Summary WAN Optimisation Test Report

 Summary WAN Optimisation Test Report Blue Coat Systems vs. Riverbed Enterprises increasingly have distributed employee bases – remote offices, mobile workers – even as applications become increasingly consolidated and centralized. This creates networking challenges that are required to deliver acceptable user performance while contending with continually rising bandwidth costs. WAN Optimisation has become a requirement to enable this new world. Applications and networks, however, are also changing. Enterprise applications have shifted to web technologies – HTML front ends over HTTP/SSL. Video is dominating traffic, over 52% of worldwide Internet traffic and increasingly important for enterprise training and communications. Cloud delivery is changing the structure of how traditional enterprise applications are deployed. We at Broadband‐Testing felt it was important to test not only the traditional WAN Optimisation use cases of file access, email and backup/DR optimisation, but also to test these critical emerging areas. We tested two key vendors – Blue Coat and Riverbed, comparing the Blue Coat MACH5 SG600 and Riverbed Steelhead 1050. We used a WAN simulator from Shunra to induce 100 ms of latency, and leveraged applications and various third party test tools. The results are summarized here. Traditional WAN
(CIFS files, FTP
Backup, email)
Traditional WAN Optimization: Blue Coat and Riverbed TIE.
This tested resulted in a TIE between Riverbed Steelhead and Blue Coat MACH5. In the CIFS cold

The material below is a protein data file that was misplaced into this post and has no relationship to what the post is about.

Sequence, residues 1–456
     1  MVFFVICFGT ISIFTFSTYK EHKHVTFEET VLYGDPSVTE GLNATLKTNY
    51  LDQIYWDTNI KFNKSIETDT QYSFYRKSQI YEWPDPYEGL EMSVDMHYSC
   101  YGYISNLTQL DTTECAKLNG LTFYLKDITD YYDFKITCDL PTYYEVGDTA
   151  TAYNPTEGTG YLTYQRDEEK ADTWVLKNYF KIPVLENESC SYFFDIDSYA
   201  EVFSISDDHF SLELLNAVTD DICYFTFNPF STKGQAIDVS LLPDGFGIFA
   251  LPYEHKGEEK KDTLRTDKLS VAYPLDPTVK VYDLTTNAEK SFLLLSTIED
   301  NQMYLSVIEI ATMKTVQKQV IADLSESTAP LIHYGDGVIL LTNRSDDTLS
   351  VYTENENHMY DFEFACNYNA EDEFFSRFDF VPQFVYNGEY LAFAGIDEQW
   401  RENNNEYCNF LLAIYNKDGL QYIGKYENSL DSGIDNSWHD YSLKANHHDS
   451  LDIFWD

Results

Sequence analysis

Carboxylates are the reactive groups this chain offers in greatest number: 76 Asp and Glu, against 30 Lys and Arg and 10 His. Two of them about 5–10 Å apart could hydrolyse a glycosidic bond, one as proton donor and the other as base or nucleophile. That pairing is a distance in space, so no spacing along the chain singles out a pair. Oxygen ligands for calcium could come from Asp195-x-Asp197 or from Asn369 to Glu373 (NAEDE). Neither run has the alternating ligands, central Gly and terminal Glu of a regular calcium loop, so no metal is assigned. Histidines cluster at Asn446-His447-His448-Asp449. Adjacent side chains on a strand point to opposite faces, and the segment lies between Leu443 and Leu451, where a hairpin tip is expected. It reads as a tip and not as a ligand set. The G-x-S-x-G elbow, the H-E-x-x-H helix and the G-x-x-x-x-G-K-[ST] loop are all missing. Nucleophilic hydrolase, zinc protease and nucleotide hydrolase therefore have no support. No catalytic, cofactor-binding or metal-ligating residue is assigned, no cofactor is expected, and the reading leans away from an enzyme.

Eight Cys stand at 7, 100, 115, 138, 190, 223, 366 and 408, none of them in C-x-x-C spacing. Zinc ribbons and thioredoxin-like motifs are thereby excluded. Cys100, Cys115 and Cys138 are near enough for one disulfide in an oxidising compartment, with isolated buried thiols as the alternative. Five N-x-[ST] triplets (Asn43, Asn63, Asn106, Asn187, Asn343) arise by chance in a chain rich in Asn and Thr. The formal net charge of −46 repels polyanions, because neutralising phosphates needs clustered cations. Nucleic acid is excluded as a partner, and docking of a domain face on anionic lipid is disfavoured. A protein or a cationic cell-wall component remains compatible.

Open and Save As operations, Riverbed had an edge. In CIFS warm Opens, as well as FTP and
email, Blue Coat had an edge. We declare a tie in this “traditional” WAN Optimisation use cases.
Web Applications
Web Applications: Blue Coat Wins, 1.5x-10x Better than Riverbed in Warm Cases.
(HTML front ends,
SharePoint used)
We tested web applications – HTML front ends with HTTP and SSL network transport – using
Cloud-based Applications: Blue Coat Wins, Optimizing Cloud apps 3x-93x Better than
Riverbed and the Baseline. Riverbed Can’t Optimize Asymmetrically.
(Asymmetric case,
branch office to
cloud app)
Microsoft SharePoint. In cold operations – the first time data was seen - the vendors were
relatively even. When the data had been seen before, the warm scenario, Blue Coat was a clear
winner. In these warm scenarios, Blue Coat was 1.5x to 10x faster than Riverbed.
This test was a bit different, configuring the traffic to travel from the branch office to the Internet
to the cloud SaaS. In this configuration, Riverbed could not optimize the traffic at all. Though
cold results showed little optimization, Blue Coat provided significant speed up and bandwidth
savings in warm test cases, accelerating performance 3x to 93x.
Streaming Video
Video: Blue Coat Clearly Beats Riverbed, 500 to 20.
(Windows Media
RTSP, on demand)
We tested on-demand video files for Microsoft Windows Media Server. Blue Coat delivered video
to 500 simultaneous users, while leaving 65-70% of the bandwidth of a 1.5 Mbps T1 available for
other applications – astounding optimisation. Riverbed max’d the link at 100% with just 20 users
- leaving no room for other applications. Riverbed started creating video user errors with 50